War: a conflict carried on by a force of arms, is a state or period of armed hostility. Most of us in Australia, if we are honest, do not want to know about or ever encounter.
It is about the struggle to achieve a goal, which can have noble intent, although mostly it’s a dastardly conflict likely to result in death.
French Canadian director and writer Denis Villeneuve has certainly crafted a thought-provoking thriller with the new Lionsgate movie Sicario, one that will keep you riveted to the action and then stay with you long after leaving the theatre.
Giants in their field, the trio of actors who take the lead roles give truly phenomenal performances, each at the top of their game.
Puerto Rican actor Benicio del Toro as the perplexing Alejandro, packed full of pain and frustration, for me was a stand out; beyond good.
Sicario means ‘hit man’ in Mexico, where kidnapping and the war on drugs is a daily struggle.
This is a politically aware intellectual thriller, one where there are no heroes at all, only victims.
Smart, stylish, gritty and gruesome, with a brilliant music score and quite outstanding cinematography, Sicario will test your perceptions about the line between right and wrong as you are faced with decisions that need to be made, despite the reality you are in being riddled with ambiguity.
The difference between those wanting to live in the light rather than those who choose darkness is the massive morally guided gray area in between.
This can be a movable feast dependent on your attitude or point of view.
The world’s largest consumer of cocaine is the USA and what happens in Sicario will cause you to challenge your own ideas of right and wrong as it reveals just how far some members of society, once they start straying from a moral pathway, will go.
It’s not a pretty scene. Those involved in the drug trade are seduced by power, more money and riches and don’t have a moral conscience or value for human life as they strive to achieve their goals.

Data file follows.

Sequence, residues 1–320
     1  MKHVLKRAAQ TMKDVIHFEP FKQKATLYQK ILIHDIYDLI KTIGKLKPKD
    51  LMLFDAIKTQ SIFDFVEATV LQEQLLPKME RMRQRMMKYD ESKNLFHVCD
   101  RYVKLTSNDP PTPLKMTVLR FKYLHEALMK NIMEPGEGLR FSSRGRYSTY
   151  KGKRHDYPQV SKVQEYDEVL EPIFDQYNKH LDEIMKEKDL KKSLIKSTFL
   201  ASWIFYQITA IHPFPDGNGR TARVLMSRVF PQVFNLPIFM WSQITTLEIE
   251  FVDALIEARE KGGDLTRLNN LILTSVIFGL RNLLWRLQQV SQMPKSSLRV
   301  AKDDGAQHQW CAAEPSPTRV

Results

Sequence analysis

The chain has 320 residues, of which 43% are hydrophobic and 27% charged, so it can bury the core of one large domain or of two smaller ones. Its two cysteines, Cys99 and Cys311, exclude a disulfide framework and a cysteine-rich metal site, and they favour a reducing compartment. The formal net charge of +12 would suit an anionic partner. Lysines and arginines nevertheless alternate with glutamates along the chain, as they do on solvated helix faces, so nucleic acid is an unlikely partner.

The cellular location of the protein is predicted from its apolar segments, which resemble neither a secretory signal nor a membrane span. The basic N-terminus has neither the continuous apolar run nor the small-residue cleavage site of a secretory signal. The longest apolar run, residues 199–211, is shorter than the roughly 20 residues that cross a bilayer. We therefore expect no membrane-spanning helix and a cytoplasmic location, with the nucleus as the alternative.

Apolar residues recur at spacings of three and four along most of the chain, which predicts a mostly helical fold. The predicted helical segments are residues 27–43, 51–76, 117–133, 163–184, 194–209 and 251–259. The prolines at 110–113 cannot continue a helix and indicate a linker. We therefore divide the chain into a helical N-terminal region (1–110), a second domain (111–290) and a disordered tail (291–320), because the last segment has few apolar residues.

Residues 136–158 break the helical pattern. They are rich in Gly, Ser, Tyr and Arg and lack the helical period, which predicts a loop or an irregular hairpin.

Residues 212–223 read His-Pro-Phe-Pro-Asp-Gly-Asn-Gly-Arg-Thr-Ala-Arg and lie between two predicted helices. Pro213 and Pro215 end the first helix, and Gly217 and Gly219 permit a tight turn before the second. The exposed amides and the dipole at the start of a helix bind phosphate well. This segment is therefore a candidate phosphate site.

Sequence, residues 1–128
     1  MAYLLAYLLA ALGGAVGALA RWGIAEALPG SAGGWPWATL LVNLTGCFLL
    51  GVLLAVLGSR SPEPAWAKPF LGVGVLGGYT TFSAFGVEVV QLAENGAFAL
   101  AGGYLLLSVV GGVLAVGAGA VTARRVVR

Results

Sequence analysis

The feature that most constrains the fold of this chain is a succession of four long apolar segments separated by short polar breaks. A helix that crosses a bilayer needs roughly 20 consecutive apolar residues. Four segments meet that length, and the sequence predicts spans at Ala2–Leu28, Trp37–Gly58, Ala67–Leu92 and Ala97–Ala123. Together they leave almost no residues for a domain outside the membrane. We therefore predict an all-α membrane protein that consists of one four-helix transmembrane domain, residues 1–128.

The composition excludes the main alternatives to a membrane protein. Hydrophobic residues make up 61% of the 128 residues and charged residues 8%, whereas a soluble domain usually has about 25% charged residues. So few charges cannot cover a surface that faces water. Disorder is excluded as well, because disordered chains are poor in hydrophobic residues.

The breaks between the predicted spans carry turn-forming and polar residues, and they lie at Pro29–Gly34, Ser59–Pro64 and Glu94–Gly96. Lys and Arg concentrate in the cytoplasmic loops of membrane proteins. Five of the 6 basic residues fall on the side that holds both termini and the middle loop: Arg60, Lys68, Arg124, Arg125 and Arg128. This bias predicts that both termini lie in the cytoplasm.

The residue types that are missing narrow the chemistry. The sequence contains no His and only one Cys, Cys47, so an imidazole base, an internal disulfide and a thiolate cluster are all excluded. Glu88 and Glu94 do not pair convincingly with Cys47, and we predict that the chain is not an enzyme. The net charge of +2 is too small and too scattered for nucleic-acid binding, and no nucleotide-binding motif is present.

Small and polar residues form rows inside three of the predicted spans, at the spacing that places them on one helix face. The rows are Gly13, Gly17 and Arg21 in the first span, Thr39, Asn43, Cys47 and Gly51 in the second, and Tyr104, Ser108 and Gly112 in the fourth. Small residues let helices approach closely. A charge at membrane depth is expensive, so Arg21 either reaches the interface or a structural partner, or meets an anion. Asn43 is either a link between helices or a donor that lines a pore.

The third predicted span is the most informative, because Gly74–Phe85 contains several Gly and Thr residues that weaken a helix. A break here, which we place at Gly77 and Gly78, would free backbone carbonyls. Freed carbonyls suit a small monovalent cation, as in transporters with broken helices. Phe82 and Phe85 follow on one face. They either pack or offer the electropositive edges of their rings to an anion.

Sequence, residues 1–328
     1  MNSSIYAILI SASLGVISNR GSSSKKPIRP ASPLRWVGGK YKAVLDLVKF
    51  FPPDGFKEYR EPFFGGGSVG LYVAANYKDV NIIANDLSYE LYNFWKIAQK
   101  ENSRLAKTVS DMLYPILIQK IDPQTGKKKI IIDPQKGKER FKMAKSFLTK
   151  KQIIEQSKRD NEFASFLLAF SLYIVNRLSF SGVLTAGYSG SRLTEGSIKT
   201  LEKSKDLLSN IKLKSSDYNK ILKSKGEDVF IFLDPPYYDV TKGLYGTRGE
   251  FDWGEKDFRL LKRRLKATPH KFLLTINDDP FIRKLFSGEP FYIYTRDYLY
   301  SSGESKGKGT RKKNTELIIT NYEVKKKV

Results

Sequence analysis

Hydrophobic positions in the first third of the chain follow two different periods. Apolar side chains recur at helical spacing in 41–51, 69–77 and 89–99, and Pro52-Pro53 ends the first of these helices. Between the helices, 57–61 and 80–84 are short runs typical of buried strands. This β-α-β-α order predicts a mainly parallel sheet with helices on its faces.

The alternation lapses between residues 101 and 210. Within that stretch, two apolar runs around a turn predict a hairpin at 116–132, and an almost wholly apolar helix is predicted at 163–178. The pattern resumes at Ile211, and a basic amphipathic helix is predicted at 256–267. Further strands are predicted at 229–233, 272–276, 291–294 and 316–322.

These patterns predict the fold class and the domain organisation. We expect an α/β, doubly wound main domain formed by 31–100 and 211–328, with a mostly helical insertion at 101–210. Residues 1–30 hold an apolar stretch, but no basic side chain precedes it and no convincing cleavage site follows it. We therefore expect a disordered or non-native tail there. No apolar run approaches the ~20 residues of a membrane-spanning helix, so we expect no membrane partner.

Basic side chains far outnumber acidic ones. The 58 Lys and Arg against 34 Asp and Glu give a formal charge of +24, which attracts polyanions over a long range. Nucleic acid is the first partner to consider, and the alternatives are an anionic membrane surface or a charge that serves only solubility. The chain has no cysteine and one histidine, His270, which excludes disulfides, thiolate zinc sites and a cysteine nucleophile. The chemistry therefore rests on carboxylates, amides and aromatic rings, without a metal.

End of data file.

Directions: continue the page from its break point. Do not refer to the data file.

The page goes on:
The aftermath of the violence they use can be profound.
We meet Kate Macer (Emily Blunt) an idealistic, hard, lean, confident and vulnerable FBI agent working near the border area of the US and Mexico.
She is trained to work with a team of Swat members to rescue hostages and when they raid a house in a housing development on the outskirts of a sprawling suburban town, they discover that things are not as they seemed.
Quite unbelievingly they find over 40 people murdered and packed in plastic within the walls of the house, including those they were sent to save.
Victims of the violent drug war, it’s a gruesome find, one that affects them all.
Particularly when two of the team are subsequently blown to smithereens when they attempt to enter a padlocked cellar.
Kate finds however suddenly finds herself with an opportunity to cross over into the world of drugs to help take down the leaders.
She jumps at the chance, not knowing what is to come.
Dramatically descending not only into the dark, but also a place where tension packed gripping moments of madness occur on a daily basis, Sicario is more than ruthless.
We move through an enormous depth of misery and despair, heightened by the portrayal of victims on both sides.
Premiering at Perth in Western Australia at the Black Swan State Theatre Company on November 11, 2015 following three previews will be the highly original, brave and breath-taking musical Next to Normal.
The Pulitzer Prize winner for Drama and three time Tony Award winning rock musical is currently enthralling audiences on Broadway in the USA where the Black Swan State Theatre Company Director Adam Mitchell believed the “New York Times got it right calling Next to Normal an original, brave, breathtaking musical…
…he explained how it is a story for our time “… it deals with the fallout of a mum… losing her battle with mental illness. It‘s gritty, incredibly touching, funny and it’s full of hope.” Adam Mitchell said.